And to be clear, I'm not saying either approach is superior, and also to be clear, I'm not saying any game is all one way or the other. It's a spectrum. I'm using D&D and Fate as examples but I don't think either one is necessarily the most perfect, pure example of their respective ends of the scale. D&D has playground structures, too. Fate does give you some toys, especially when you start getting into setting-specific games powered by it.
But that's the framework I'm going to use, because it makes it clear that one is not more advanced or more mature than the other. They're both just different ways to approach imaginative play.
And when it comes to a roleplaying game, I just greatly prefer the one where you can look at all the pieces spread out on the floor and start getting ideas about how they might go together, all the cool things you might do with them. I don't need rules or a game or other players to engage in an act of freeform creativity; if I'm going to be playing a game with other people (including running one for them), I would prefer that everybody has a chance to have a clear idea of what's on the table, what's possible, what their character can be and what their character can do.
I know the "let's figure it out, what does 'bard' mean to you?" approach can be fun. But I think it also can be more fraught. It takes a higher investment of rapport to work well. It kind of exacerbates the almost axiomatic tendency that players who are more confident and assertive will wind up doing more and cooler stuff when the other players can't look at a sheet or a spell card or a rule and go, "Wait... I think I can... can I do something with this here? It says I can fascinate an audience. Would that be helpful here?", much less just declare "I cast Thunderwave" because they looked that one up and they know it will be useful.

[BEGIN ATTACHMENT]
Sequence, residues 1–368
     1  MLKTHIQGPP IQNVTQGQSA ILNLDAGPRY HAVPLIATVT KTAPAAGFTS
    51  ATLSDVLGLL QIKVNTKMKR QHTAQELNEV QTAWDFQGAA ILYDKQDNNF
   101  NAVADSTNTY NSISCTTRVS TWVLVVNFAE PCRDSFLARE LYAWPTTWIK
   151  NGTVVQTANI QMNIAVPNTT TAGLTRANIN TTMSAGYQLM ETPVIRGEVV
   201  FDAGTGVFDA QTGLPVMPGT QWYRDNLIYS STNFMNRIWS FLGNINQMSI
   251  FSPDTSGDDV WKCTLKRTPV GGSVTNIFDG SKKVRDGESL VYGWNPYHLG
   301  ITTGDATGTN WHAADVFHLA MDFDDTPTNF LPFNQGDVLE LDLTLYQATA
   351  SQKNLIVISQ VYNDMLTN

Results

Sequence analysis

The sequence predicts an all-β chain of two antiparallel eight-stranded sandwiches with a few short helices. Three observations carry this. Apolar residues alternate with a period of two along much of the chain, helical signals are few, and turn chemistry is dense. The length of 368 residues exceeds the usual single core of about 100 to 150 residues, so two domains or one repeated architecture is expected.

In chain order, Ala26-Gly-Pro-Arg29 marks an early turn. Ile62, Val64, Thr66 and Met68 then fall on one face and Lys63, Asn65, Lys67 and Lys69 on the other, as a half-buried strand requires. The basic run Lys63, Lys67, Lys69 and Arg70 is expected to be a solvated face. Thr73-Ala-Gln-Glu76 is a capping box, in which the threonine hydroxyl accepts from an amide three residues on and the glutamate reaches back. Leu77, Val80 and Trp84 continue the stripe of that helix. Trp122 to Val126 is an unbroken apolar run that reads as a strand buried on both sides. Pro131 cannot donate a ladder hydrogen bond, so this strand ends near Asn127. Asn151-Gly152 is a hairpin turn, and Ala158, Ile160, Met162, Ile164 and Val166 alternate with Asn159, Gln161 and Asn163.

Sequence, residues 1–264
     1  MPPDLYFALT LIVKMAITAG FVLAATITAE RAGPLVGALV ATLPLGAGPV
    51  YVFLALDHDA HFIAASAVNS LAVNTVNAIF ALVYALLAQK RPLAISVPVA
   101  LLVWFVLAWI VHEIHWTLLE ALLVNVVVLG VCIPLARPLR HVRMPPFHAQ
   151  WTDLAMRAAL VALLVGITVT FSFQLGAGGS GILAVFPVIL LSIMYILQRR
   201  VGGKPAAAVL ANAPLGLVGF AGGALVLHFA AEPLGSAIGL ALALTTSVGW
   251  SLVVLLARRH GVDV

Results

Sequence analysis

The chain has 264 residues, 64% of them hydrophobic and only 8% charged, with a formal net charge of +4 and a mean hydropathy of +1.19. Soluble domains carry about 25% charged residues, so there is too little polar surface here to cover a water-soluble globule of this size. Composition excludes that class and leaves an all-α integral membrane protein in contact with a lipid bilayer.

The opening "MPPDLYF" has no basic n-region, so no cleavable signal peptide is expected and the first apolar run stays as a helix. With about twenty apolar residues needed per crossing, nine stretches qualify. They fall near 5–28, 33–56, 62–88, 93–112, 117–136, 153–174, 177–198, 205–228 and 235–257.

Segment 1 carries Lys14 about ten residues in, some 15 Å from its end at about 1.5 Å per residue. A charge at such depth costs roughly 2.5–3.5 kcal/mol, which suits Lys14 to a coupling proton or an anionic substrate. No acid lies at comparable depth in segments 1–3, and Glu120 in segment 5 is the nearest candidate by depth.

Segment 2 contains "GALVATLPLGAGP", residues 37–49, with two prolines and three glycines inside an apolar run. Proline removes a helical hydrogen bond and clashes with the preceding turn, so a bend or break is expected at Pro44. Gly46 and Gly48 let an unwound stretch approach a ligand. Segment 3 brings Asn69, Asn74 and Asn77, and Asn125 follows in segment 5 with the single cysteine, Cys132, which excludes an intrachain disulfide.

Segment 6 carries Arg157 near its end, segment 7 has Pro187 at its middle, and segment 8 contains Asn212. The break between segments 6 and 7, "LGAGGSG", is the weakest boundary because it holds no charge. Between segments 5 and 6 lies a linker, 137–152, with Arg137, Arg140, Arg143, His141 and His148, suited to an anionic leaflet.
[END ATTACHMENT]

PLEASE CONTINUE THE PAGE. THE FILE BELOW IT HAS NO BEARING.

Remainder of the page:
But even while I'm explaining why I like toybox play better than playground play, I'm still not saying toybox play is better. Somebody could make the argument that the playground is more approachable than the toybox because there's less to learn, that you don't have know what somebody else thought a "Paladin" should be if you're able to thresh it out for yourself.
And I don't think that perspective is wrong, either.
It's just not mine.
You know, I like a game that has a nice high ratio of sandbox to rails... that is, where players are free to explore the world and pursue their own agendas instead of merely being forced to move from Plot Point A to Plot Point B, in order, on schedule. I prefer creating my own campaign settings in Dungeons & Dragons rather than using the popular commercial ones. I'm fine with threshing out creative applications for a class feature or spell that isn't exactly by the book, though I think I might be less "yes, and..." about that kind of thing than is super trendy.
My point is that embracing a game where character design and adventure design involve a lot of taking somebody else's ideas about rangers and elves and running with them, it isn't not freeform. There's always going to be freeform creativity in making a character, making a setting, playing a character, running a game.
The type of game you're using just determines where the starting line is for the freeform part. Whether a given placement of said line represents a head start for creativity or a setback is really a matter of perspective, so at the end of the day it really comes down to:
What do you like?
What do you want to do?
And what works best for what you want to do?
For me, the best solution is almost always going to be more on the toybox side of the equation.